Rory Best will leave as one of Ulster's finest and may get World Cup dream
For George Washington, Thomas Jefferson, Theodore Roosevelt and Abraham Lincoln read Willie John McBride, Mike Gibson, Jack Kyle and Rory Best. Ulster Rugby's Mount Rushmore now stands as good as cast in stone.
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Best, who officially confirmed yesterday that he'd be calling time on his playing career after the World Cup in Japan, may well have already played his last game for his province depending on his ankle injury but will walk away with a legacy that can stand beside almost anyone to have pulled on the white jersey.
There's no doubt that the 36-year-old has shared a changing room with players who possessed more innate sporting talent but, in terms of impact on the organisation, the Poyntzpass man is unrivalled in the professional era, while few can match his sheer competitive spirit.
Best has been a player who not only set a high standard but demanded that those around him matched it, often dragging the team up by its bootstraps.
For years there have been jokes about his powerful standing within the Ulster squad. Whether it be the sanctity of both his peg in the changing room and parking space at training, or the idea jokingly put forward by Andrew Trimble on the former winger's podcast that even in retirement his first thought when donning an outlandish shirt was 'what would Rory say?', Best has been depicted as an all-encompassing overseer.
Put simply, it has long been the belief both within and outside of Ulster, that everyone was simply better when Best was casting a watchful eye over proceedings.
He stands as one of the most inspirational on-field leaders the province has ever known, one who saw the side through their lowest ebb this time last year to emerge on the other side in the promising position which they now find themselves.
When in a green jersey, he has forged a reputation on the world stage. Having long been Ireland's most-capped hooker his second act at Test level has been nothing short of extraordinary.
Captain for the side's only two victories over the All Blacks, their only win in South Africa and one of only three men to lead the side to a Grand Slam, Best has succeeded in the seemingly impossible, following on from legends Brian O'Driscoll and Paul O'Connell having assumed the captaincy in 2016.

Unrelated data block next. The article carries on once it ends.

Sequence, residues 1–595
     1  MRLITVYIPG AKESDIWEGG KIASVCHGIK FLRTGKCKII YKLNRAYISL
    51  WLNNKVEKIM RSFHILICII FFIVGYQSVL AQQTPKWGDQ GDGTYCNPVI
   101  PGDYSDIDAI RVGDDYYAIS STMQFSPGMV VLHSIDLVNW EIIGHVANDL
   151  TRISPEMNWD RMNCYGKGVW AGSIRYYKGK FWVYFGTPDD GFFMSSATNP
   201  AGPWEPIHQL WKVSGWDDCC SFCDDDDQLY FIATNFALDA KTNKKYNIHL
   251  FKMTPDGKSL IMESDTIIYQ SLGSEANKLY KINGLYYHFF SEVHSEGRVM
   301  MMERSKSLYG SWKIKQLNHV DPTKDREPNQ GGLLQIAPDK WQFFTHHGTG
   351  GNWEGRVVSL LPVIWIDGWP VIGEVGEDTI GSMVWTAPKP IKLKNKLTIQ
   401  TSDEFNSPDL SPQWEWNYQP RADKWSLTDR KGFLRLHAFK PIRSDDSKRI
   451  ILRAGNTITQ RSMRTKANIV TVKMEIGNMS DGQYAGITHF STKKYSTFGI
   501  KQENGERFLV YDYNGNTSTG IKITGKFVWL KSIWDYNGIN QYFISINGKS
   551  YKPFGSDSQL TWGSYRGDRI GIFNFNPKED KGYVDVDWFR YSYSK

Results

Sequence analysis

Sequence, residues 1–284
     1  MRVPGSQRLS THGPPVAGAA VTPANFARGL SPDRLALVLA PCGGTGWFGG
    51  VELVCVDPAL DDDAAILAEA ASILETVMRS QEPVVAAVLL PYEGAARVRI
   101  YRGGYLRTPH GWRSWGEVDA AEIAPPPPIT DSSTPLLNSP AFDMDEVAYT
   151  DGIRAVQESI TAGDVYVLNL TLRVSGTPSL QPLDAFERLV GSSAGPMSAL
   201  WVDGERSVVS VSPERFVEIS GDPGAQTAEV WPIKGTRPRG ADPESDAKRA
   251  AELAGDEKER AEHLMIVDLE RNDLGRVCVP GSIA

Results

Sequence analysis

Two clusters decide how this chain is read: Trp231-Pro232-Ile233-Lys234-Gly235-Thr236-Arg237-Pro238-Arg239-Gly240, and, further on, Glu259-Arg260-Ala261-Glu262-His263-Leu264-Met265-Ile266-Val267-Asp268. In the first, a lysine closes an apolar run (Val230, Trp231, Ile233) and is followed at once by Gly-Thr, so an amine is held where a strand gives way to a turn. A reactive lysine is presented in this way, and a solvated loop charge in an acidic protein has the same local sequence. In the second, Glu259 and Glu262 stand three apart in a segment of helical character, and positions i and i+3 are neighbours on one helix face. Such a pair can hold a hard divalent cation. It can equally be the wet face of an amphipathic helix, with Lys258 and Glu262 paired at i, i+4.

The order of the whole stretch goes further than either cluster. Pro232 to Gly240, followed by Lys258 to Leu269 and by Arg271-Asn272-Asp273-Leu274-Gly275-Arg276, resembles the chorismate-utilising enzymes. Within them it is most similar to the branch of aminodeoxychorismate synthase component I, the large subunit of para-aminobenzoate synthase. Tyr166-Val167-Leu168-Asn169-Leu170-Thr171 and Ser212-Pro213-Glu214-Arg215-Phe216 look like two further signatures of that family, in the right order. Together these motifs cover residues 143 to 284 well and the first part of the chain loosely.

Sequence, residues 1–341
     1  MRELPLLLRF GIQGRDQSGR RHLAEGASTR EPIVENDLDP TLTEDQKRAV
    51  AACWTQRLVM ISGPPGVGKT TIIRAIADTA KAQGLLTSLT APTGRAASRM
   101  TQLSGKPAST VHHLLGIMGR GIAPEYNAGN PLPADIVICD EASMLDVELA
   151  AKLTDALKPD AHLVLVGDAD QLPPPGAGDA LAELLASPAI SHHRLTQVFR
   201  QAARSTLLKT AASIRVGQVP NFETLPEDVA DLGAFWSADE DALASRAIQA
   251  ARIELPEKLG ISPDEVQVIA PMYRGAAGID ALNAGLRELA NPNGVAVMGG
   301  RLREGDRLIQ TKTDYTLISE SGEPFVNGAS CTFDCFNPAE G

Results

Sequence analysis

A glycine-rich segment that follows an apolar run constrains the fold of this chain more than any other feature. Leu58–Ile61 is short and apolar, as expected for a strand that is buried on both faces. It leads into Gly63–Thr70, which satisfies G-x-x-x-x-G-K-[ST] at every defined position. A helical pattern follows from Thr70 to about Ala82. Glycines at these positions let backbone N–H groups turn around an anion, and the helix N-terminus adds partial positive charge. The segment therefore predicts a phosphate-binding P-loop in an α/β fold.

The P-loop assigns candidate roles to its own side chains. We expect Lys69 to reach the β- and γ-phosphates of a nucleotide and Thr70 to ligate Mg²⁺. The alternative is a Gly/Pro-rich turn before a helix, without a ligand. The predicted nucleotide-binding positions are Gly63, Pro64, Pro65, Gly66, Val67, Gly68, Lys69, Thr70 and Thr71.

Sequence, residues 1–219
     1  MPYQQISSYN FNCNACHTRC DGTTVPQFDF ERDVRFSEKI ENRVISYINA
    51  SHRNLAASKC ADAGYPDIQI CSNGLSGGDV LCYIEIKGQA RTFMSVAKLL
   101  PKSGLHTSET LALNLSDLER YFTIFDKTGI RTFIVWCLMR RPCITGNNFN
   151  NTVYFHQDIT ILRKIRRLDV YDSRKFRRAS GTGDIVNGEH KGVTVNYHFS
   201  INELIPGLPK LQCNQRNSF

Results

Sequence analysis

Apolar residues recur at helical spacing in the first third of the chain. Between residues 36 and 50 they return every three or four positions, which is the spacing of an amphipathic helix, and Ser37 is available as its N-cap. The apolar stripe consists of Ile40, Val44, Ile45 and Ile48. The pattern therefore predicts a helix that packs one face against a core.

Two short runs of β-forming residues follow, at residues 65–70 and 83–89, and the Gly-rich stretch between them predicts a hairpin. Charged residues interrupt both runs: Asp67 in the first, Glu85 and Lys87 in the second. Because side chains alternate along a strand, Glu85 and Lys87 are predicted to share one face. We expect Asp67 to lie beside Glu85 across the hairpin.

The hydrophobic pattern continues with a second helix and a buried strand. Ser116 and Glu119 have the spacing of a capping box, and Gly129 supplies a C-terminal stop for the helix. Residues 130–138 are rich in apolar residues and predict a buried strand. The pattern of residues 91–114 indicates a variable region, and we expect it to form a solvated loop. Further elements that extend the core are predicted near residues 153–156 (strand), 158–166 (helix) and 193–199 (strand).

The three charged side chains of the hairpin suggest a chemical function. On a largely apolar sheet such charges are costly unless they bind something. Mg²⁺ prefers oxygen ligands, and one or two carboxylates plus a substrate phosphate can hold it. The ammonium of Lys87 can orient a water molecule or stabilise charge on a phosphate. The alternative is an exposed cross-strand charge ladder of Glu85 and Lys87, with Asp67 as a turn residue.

His commitment to the cause was perhaps best summed up not in those unforgettable wins over New Zealand but in a loss to the same opposition in 2013 when he tried to play on with a fractured arm.
For all his achievements, there have been lows to endure for Ulster's only Irish centurion. He was in his late 20s before finally being able to truly call the national number two jersey his own, while selection issues were to the fore again when he was initially left out of the 2013 Lions party and kept outside the Test panel for both of his tours with the famous invitational outfit.
As recently as last year, his appearance at the rape trial of acquitted team-mates Paddy Jackson and Stuart Olding made ripples beyond the rugby world, the subsequent social media backlash leaving Best to contemplate abdicating the Irish captaincy.
But perhaps the nagging regret in his own mind will be all those near misses with the team that meant so much to him.
Barring recovery from injury and an unlikely PRO14 title for Dan McFarland's side, Best's final Ulster season will end in the same way the last 12 have…without a trophy. The 2006 Celtic League remains his sole piece of club silverware, the only player of the current squad to have won a club medal with Ulster.
While yesterday felt like the bringing down of the curtain, there is still the small matter of the World Cup and the potential for the ultimate fairytale finish.
To bow out on the game's greatest stage is a right afforded to only a few - if he were to do so having guided Ireland to glory in Yokohama it would no doubt be considered a case of saving the best for last.
But as his career at Kingspan draws to a close, so too it feels does an era in the side's history.
Best's announcement follows hot on the heels of similar decisions from Trimble, Tommy Bowe, Paul Marshall, Chris Henry and Darren Cave.
The first professionals from those earliest intakes to the Ulster Academy are now all departed, the set-up now unrecognisable to the day they first walked through the doors of a pre-redeveloped Ravenhill. In these changing times in BT6, Louis Ludik, the South African who arrived in 2014, now stands as Ulster's oldest player owing to his 32 years - 28-year-old Craig Gilroy is improbably their longest-tenured player.
Stalwarts of the team have departed with unprecedented pace and now the side will forge on without the man who for so long has felt like their heartbeat.
In his absence, Kingspan Stadium will initially feel something of a different place.
In Rob Herring, his on-field replacement is already in-house and the naturalised South African's recent fine form is a timely reminder that he is a talented international and leader in his own right, one who would have a good few more caps for both club and country if not for the enduring presence of Best.
In Adam McBurney and John Andrew, there are promising youngsters who will no doubt benefit from the added game-time.
But to focus solely on who will pack down between Ulster's props would feel somewhat reductive, ignoring the considerable shadow the skipper's presence casts over everything that occurs in Ulster Rugby. A player of his standing and impact cannot be replaced by just one man. There is, after all, only one Rory Best.